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  • My Week With Marilyn [Blu-ray + DVD] (Bilingual)
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My Week With Marilyn [Blu-ray + DVD] (Bilingual)


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My Week With Marilyn [Blu-ray + DVD] (Bilingual) + The Artist (Bilingual) [Blu-ray + DVD + Digital Copy] (Sous-titres français)
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Product Details

  • Actors: Michelle Williams, Eddie Redmayne, Kenneth Branagh, Emma Watson, Julia Ormond
  • Directors: Simon Curtis
  • Writers: Adrian Hodges, Colin Clark
  • Format: DVD + Blu-ray, NTSC, Widescreen, Dolby
  • Language: English, French
  • Number of discs: 2
  • Studio: The Weinstein Company
  • Release Date: March 13 2012
  • Run Time: 99 minutes
  • Average Customer Review: 4.1 out of 5 stars  See all reviews (16 customer reviews)
  • ASIN: B006ZUMNKE
  • Amazon Bestsellers Rank: #14,116 in DVD (See Top 100 in DVD)

Product Description

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Anyone doubting the layered, nuanced, and heartbreaking acting abilities of Michelle Williams will find My Week with Marilyn a tremendous revelation. And Williams fans will enjoy it even more. In My Week with Marilyn Williams takes on the formidable challenge of playing Marilyn Monroe, and does so with depth and assuredness, and without resorting to caricature. Williams's Marilyn commands the screen with pain and delicacy, and doesn't let go until the final credits. My Week with Marilyn focuses on a small time frame in Monroe's life, right after her marriage to Arthur Miller. Monroe, already "the world's most famous woman," still feels the need for validation as an actress. What better way to achieve that, she believes, than committing to costarring with Laurence Olivier in The Prince and the Showgirl, a film she firmly believed would finally cement her reputation as a serious actress. My Week with Marilyn is based on the short memoir of Colin Clark, a crew member on The Prince and the Showgirl, who quickly became the confidant of the wildly insecure Monroe and watched a train wreck of egos--mostly Olivier's and Monroe's--collide in a fiery near-disaster. Kenneth Branagh gives an uncharacteristically restrained performance as the exasperated Olivier, resentful of the "new blood" in Hollywood that the young Monroe represents, and disdainful of her cult-like devotion to Method acting. (And of Monroe's chronic tardiness, which threatens to undermine the veddy, veddy strict British work schedule.) Eddie Redmayne plays Clark with a sweet, gentle veneer, someone who grows to care genuinely about the complex Monroe. Julia Ormond is clipped and proper as Olivier's then-wife, Vivien Leigh, and Emma Watson shows a lovely gravitas as Lucy, Monroe's acting coach. But it's Williams who gives the revelatory performance, capturing with painful intensity the insecurity that begins to seep out of Monroe like a fearful sweat. "Excuse my horrible face," she blurts out, while looking nothing less than her usual radiant self. Where does this tragic insecurity come from? My Week with Marilyn doesn't attempt to answer the unanswerable, but instead shines a light on the very real woman who became lost in the giant shadow of legend. --A.T. Hurley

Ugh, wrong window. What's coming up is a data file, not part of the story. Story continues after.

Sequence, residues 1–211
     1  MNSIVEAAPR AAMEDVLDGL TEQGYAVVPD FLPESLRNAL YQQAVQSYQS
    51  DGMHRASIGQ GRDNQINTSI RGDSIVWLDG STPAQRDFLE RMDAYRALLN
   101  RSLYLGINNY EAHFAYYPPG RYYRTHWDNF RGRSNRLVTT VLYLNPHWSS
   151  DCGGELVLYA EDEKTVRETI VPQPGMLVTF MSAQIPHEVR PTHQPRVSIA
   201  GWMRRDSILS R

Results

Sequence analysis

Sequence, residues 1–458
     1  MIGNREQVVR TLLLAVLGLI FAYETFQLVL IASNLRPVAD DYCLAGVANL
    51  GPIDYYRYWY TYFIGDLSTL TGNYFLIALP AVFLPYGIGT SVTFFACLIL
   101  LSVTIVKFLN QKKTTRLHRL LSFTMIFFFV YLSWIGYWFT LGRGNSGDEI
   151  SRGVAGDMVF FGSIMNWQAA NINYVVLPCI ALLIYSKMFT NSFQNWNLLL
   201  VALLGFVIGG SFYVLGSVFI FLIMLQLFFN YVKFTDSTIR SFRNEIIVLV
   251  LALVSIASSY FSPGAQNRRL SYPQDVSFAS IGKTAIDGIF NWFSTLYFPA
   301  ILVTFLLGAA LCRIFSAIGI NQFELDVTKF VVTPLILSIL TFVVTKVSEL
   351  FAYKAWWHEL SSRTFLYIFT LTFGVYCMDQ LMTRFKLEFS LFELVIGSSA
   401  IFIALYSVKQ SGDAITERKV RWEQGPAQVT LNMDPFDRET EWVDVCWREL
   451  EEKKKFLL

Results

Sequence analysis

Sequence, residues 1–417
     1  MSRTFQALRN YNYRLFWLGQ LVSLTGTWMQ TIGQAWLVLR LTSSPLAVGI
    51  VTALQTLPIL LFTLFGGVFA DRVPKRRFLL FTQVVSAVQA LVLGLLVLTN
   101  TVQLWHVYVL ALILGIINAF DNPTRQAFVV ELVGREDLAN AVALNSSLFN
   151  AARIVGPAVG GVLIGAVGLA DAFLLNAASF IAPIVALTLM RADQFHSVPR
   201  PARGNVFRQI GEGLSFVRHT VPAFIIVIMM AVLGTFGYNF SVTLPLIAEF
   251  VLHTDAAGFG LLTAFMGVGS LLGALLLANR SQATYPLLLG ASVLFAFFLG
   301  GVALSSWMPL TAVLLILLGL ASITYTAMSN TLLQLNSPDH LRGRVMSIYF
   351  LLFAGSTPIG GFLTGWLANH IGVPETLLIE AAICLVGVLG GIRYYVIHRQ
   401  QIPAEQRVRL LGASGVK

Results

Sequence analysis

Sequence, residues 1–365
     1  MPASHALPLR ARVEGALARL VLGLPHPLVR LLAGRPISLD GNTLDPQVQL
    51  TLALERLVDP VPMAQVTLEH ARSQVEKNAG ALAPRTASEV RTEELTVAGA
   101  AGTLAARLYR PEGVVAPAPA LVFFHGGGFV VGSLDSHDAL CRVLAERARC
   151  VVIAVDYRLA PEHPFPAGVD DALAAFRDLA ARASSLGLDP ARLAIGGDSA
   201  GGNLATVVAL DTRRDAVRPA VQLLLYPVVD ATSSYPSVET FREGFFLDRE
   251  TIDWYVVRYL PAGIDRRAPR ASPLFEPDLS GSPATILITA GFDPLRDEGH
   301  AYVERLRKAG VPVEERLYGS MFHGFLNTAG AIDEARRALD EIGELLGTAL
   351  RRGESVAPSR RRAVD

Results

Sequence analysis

From the Studio

In the early summer of 1956, 25 year-old Colin Clark (Eddie Redmayne), just down from Oxford and determined to make his way in the film business, worked as a lowly assistant on the set of The Prince and the Showgirl. The film that famously united Sir Laurence Olivier (Kenneth Branagh) and Marilyn Monroe (Michelle Williams), who was also on honeymoon with her new husband, Arthur Miller (Dougray Scott).

Nearly 40 years on, his diary account, "The Prince, the Showgirl and Me" was published, but one week was missing and this was published some years later as "My Week with Marilyn"-- this is the story of that week. When Arthur Miller leaves England, the coast is clear for Colin to introduce Marilyn to some of the pleasure of British life; an idyllic week in which he escorted a Monroe desparate to get away from her routine of Hollywood hangers-on and the pressures of work.

Customer Reviews

4.1 out of 5 stars
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Most helpful customer reviews

8 of 8 people found the following review helpful By Inkhorn HALL OF FAMETOP 50 REVIEWER on Feb. 21 2012
Format: Blu-ray
When I went to see this movie in December, inwardly I was lamenting the overall quality of movies in 2011, with a plethora of remakes, reboots and sequels, and I wondered if Hollywood was running out of fresh ideas, while recycling the same formulas. Remakes/reboots in 2011 included Straw Dogs, Footloose, Arthur, The Thing, Conan, Spy Kids, Final Destination 5, and Rise of the Planet of the Apes.